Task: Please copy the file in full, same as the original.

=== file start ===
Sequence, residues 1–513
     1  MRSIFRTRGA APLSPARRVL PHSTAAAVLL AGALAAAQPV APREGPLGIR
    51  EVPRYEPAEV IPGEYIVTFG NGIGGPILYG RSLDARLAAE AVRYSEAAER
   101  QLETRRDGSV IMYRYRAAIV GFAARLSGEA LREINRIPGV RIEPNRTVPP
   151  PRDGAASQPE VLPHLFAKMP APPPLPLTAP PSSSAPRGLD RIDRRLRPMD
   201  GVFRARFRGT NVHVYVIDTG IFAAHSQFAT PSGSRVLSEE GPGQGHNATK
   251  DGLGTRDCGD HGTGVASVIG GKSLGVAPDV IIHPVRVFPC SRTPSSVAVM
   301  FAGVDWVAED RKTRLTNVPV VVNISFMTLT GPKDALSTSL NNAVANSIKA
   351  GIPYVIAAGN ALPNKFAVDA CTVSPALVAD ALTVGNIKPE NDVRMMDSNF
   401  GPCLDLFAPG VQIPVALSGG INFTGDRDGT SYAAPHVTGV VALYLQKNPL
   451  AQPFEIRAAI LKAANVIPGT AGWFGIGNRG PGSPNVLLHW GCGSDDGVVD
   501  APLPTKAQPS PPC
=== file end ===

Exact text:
Sequence, residues 1–513
     1  MRSIFRTRGA APLSPARRVL PHSTAAAVLL AGALAAAQPV APREGPLGIR
    51  EVPRYEPAEV IPGEYIVTFG NGIGGPILYG RSLDARLAAE AVRYSEAAER
   101  QLETRRDGSV IMYRYRAAIV GFAARLSGEA LREINRIPGV RIEPNRTVPP
   151  PRDGAASQPE VLPHLFAKMP APPPLPLTAP PSSSAPRGLD RIDRRLRPMD
   201  GVFRARFRGT NVHVYVIDTG IFAAHSQFAT PSGSRVLSEE GPGQGHNATK
   251  DGLGTRDCGD HGTGVASVIG GKSLGVAPDV IIHPVRVFPC SRTPSSVAVM
   301  FAGVDWVAED RKTRLTNVPV VVNISFMTLT GPKDALSTSL NNAVANSIKA
   351  GIPYVIAAGN ALPNKFAVDA CTVSPALVAD ALTVGNIKPE NDVRMMDSNF
   401  GPCLDLFAPG VQIPVALSGG INFTGDRDGT SYAAPHVTGV VALYLQKNPL
   451  AQPFEIRAAI LKAANVIPGT AGWFGIGNRG PGSPNVLLHW GCGSDDGVVD
   501  APLPTKAQPS PPC